At least once a day you cross paths with one of these rare (but not-so-rare) creatures. They're easy to identify with lots of red, Nike logos, spandex and sweatpants. We all see that athlete walking in late to class, but what do we really know about them? Here are some things they don't tell you about being a student athlete from the perspective of a Bama rower (me).

We exercise a LOT

Which is to be expected, considering that we are in fact athletes. This doesn't mean working out everyday, though. It means working out twice a day. On Monday, Tuesday, Thursday and Friday we have two practices. On Wednesday and Saturday we have one practice and Sunday's work out is on our own. We train either on the Black Warrior River, off of Manderson Landing or indoors in our facility in the Student Activity Center at Presidential Village. During our competitive racing seasons we practice as a team for 20 hours every week.

We also eat a lot, like a lot

The way our schedules are set up (in which we burn a ton of calories in the morning, then go to classes and then back to practice) wreaks havoc on our diets. This combination often makes it difficult to eat when we need to for recovery and nutrition. It's been proven that in situations like this, athletes are much more likely to make unhealthy food decisions, as our willpower is so depleted from exercise and we don't have the blood glucose levels to replenish it. We're basically always hungry and we eat lunch at 10:30 in the morning.

We may only be collegiate athletes, but we're professional nappers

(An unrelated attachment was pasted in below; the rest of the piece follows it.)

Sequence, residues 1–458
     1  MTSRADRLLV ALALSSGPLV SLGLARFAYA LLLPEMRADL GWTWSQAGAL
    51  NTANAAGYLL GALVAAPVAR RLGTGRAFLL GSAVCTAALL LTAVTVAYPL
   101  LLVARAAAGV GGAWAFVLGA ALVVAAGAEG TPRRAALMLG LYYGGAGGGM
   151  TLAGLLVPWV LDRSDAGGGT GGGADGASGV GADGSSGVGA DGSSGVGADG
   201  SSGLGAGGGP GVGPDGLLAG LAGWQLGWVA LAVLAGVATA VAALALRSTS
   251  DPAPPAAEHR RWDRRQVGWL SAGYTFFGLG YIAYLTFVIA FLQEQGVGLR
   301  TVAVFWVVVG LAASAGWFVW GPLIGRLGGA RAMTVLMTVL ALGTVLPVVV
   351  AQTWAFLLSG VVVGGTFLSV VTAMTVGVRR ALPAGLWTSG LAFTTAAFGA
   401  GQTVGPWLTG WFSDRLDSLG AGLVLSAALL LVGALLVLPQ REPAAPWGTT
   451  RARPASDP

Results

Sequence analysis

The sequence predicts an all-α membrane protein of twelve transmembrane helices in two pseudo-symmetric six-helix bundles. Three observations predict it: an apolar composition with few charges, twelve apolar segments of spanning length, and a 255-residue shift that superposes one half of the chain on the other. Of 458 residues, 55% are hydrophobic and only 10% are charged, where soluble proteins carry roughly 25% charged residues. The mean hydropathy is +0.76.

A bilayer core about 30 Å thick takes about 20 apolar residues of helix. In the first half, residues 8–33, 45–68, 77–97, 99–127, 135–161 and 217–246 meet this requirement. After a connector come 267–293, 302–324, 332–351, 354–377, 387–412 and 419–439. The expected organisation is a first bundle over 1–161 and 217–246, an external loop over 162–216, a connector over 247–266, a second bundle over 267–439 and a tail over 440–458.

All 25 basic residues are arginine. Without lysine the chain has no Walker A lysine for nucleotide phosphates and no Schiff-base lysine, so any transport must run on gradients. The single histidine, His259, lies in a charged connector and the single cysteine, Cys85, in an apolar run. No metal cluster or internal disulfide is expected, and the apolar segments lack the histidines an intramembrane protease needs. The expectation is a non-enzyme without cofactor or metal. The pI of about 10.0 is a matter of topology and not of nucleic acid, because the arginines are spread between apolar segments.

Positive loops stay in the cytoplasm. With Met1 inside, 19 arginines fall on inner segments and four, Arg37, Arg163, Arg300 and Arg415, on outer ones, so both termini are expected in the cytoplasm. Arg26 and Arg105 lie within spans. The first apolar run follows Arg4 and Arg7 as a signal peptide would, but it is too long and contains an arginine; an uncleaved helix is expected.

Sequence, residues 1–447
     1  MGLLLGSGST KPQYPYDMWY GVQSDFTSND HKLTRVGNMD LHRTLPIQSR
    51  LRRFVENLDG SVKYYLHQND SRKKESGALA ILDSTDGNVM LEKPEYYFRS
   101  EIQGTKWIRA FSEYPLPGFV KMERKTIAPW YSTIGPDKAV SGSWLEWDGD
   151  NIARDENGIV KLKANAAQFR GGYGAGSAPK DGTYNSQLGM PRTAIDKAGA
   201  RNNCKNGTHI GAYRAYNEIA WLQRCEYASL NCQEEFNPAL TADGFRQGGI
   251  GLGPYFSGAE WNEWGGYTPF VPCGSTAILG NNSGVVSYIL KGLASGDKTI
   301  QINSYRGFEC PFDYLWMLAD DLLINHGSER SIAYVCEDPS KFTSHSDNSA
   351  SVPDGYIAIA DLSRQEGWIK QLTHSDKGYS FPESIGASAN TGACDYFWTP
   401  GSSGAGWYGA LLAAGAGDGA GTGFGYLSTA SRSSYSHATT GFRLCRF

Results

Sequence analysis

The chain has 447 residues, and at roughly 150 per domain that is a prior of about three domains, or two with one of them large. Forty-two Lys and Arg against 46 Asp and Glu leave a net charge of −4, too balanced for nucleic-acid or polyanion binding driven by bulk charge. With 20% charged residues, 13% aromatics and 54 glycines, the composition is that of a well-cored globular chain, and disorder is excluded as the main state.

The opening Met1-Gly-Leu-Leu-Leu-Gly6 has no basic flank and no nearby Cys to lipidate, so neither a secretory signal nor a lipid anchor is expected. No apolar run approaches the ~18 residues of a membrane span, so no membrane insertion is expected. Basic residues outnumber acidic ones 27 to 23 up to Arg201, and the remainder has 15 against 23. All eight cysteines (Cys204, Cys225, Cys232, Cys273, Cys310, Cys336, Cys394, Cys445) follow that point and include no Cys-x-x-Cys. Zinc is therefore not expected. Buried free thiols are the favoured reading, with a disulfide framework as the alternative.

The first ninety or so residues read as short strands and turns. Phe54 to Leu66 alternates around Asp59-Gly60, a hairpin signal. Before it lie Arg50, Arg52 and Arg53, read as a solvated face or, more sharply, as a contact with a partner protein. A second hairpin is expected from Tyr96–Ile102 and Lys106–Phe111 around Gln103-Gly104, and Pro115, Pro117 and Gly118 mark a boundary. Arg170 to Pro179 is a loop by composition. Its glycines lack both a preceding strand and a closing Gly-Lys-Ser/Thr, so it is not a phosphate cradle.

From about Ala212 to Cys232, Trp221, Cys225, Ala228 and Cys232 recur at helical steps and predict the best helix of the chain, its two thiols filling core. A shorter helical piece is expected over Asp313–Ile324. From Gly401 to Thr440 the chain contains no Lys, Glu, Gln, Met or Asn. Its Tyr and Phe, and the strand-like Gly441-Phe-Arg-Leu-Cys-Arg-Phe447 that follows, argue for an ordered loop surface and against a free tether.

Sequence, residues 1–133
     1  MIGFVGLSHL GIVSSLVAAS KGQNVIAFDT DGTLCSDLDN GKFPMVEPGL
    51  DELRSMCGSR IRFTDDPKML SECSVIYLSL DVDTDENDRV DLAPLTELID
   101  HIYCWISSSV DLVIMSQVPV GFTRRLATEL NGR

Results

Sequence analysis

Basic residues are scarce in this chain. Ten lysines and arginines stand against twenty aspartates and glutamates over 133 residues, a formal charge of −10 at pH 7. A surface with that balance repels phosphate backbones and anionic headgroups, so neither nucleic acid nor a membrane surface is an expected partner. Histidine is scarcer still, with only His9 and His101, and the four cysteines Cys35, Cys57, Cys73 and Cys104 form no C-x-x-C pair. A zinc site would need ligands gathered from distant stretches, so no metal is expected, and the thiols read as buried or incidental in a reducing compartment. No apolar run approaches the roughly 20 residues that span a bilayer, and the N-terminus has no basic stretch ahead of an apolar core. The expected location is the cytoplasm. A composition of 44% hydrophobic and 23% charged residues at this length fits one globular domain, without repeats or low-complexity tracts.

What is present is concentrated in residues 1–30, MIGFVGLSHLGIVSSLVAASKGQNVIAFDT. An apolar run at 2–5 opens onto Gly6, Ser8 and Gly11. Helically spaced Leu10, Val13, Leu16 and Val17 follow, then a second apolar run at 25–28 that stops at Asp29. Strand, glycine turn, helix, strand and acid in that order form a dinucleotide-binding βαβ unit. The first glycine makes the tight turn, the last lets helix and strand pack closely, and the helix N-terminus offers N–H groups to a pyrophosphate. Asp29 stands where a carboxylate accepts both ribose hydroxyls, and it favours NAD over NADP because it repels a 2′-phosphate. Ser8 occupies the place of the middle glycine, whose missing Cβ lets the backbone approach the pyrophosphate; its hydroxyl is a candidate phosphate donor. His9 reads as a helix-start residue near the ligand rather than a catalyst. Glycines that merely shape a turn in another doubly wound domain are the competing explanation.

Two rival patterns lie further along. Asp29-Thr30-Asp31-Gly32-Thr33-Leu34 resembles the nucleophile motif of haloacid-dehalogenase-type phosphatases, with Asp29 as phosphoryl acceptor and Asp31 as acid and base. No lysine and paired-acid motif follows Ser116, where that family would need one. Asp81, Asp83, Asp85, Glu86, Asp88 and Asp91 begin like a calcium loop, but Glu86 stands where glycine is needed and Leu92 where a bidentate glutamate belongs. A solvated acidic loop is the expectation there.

beer, tea, coffee
Shannon Sweatt

We wake up sometime between 4:15 and 5:30am (at the latest). It depends on the individual rower and how fast-and-loose you want to play with getting to practice. We'll sleep anytime, anywhere pretty much. One of the few ways to consistently stay awake in class is to bring snacks to keep us occupied (I meant it when I said we eat a lot).

No, we can't skip practice

Unless you're sick or injured. For our team, if you miss practice, you won't row for that practice or for the following practice, neither does anyone else in your boat. All of the rowers in your boat will be inside conditioning, even if just one person doesn't show. This also happens if you get to practice 15 or more minutes late.

We're really clumsy

tea, beer, cake, pizza
Shannon Sweatt

We picked a sport that doesn't require hand-eye coordination for a reason. The reason is that we are a danger to ourselves and others in even the simplest of tasks, like walking past a door. Meaning kicking that door, then running into that door on the way to get a band-aid from where you kicked that door.

Missing class can be brutal

Not to mention some professors don't care if you're gone to compete for the school. An absence is an absence. We're often docked points for being absent and we miss the lecture material from those classes.

We walk up stairs really slowly

We don't mean to take up the entire stairwell or move at a snail's pace. We're just a bit tired. Sometimes we're eyeing that next landing like it's the bright light at the end of the tunnel.

It ain't all sunshine and rainbows

In fact it's usually cold and raining when we travel. Or snowing and hailing. Or windy and wavy. You get the point. This is especially harsh when we go north to places like Boston and New Jersey in the fall and early spring.

Despite all the negatives, we still keep coming back

fish, water
Shannon Sweatt

Even though we like to complain about crew (frequently), we all have something different that brought us to this team. That something is not shoes and backpacks. Everyone has their reason for being here and it's the summation of those reasons that makes us the team we are.